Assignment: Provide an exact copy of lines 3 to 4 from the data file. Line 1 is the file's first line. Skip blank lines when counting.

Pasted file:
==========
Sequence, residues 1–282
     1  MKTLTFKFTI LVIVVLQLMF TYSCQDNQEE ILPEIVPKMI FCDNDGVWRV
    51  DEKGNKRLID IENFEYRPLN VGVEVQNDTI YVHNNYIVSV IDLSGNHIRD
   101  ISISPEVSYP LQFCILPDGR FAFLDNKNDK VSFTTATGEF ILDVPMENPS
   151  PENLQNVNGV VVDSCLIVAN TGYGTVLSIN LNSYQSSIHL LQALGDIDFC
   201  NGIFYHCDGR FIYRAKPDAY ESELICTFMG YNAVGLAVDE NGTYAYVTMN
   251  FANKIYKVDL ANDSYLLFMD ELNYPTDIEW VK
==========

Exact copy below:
    51  DEKGNKRLID IENFEYRPLN VGVEVQNDTI YVHNNYIVSV IDLSGNHIRD
   101  ISISPEVSYP LQFCILPDGR FAFLDNKNDK VSFTTATGEF ILDVPMENPS